They do not deserve such treatment, but life in general, and motorcycle racing in particular are neither fair nor just.

There were plenty of tales to tell at Motegi, however. The biggest, perhaps, is the tale of tires. To some extent, this has already been covered in already, as tire wear ended up determining the outcome of the race.

Saturday Summary at Aragon: Can the Weather Save the Championship Lead?

09/26/2015 @ 7:26 pm, by David Emmett4 COMMENTS

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The last two races have followed a familiar pattern. On Friday and Saturday, Jorge Lorenzo has laid down a scorching pace, which his rivals – and more importantly, his teammate and rival for the 2015 MotoGP title, Valentino Rossi – have been unable to follow.

Lorenzo’s name was penciled onto the winner’s trophy, and his grip on the MotoGP class looked secure.

Then on Sunday, everything changed. The weather gods intervened, rain lashed down at Silverstone, then started and stopped at Misano, throwing the race into disarray. Both times, Valentino Rossi handled the conditions better than Lorenzo, gaining big points in both races.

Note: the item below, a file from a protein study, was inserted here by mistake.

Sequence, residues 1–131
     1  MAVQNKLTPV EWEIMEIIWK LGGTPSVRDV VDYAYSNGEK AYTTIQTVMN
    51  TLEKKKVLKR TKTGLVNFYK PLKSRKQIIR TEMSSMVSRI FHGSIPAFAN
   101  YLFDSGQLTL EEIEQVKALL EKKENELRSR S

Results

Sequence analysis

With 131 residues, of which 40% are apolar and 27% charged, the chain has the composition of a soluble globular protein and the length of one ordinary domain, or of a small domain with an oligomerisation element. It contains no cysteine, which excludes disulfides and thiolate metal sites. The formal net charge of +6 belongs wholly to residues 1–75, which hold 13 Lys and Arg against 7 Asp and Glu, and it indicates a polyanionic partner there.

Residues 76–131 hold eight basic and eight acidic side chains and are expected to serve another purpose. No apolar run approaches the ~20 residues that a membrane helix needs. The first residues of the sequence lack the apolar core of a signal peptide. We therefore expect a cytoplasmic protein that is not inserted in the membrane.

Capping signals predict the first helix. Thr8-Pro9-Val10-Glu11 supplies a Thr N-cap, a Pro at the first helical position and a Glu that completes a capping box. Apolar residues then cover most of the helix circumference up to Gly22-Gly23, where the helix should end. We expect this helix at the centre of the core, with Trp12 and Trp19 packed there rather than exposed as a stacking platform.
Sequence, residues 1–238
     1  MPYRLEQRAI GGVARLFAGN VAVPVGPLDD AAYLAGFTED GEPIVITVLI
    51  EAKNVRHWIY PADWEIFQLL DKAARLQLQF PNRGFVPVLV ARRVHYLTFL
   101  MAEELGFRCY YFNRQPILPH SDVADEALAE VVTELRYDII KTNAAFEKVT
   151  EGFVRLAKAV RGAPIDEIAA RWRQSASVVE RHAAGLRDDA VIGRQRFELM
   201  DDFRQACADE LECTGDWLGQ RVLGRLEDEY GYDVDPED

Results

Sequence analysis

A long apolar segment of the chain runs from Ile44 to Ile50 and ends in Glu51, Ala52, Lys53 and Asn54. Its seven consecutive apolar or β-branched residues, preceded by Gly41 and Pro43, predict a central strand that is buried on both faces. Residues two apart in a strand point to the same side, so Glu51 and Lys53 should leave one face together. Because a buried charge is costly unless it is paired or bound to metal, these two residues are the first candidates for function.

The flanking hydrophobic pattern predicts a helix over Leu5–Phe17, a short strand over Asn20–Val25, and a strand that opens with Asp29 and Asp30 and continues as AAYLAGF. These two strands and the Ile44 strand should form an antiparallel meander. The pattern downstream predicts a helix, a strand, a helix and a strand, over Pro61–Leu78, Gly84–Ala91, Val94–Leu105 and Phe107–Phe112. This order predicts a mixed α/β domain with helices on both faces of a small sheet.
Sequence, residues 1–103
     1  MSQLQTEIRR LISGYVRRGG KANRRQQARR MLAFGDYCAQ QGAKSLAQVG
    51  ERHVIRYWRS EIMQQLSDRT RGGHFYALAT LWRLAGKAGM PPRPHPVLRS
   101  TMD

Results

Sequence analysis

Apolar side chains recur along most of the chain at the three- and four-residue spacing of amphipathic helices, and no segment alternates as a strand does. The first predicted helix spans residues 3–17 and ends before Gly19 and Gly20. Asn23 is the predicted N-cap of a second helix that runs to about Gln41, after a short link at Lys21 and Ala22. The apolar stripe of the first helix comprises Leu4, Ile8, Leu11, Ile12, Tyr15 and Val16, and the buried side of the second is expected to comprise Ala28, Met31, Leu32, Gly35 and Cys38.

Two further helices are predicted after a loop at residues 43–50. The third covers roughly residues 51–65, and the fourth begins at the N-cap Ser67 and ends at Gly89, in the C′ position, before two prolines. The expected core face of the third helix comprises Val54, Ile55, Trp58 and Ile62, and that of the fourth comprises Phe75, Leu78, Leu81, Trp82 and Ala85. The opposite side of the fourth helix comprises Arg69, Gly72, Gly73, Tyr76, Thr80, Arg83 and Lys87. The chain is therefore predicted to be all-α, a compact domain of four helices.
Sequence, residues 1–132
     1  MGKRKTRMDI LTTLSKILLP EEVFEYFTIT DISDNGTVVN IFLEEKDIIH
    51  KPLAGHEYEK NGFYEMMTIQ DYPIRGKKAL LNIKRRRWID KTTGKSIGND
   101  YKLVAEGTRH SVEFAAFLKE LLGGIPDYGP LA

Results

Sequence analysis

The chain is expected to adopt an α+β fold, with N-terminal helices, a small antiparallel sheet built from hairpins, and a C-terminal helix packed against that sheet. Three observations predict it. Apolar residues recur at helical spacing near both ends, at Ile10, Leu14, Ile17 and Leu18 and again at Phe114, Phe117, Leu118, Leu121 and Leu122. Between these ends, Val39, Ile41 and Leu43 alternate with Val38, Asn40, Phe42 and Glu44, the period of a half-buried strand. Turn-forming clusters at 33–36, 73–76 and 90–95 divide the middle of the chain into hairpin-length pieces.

At Silverstone, Rossi won comfortably, while Jorge Lorenzo struggled home in fourth. At Misano, Rossi rode a tactically poor race, but still managed to come home in fifth. Lorenzo got caught out by the pace of Scott Redding, failing to understand that the Marc VDS rider had already been out for several laps and had his tires up to temperature and his brain up to speed.

The Movistar Yamaha rider tried to stay with Redding, and paid the price when he turned left after a long series of rights, crashing out and scoring zero points.

What do we have at Aragon? Another weekend where Lorenzo is dominating, Marc Márquez his only clear rival, with Dani Pedrosa there as a dark horse.

Valentino Rossi, meanwhile, is struggling with tire degradation, the performance of the tires dropping in the heat. Rossi could lose a big handful of points to Lorenzo on Sunday, if he is unable to match the pace of the top three.

He really needs a bit of a miracle, either in the shape of rain, or in the form of colder temperatures.

MotoGP: An Update to the 2016 Silly Season Happenings

09/22/2015 @ 8:48 am, by David Emmett13 COMMENTS

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With the flyaways fast approaching, MotoGP’s silly season for 2016 is reaching its climax. All of the factory seats are taken – including the seat at Aprilia vacated by Marco Melandri – and the top satellite rides are filled as well, either officially or unofficially.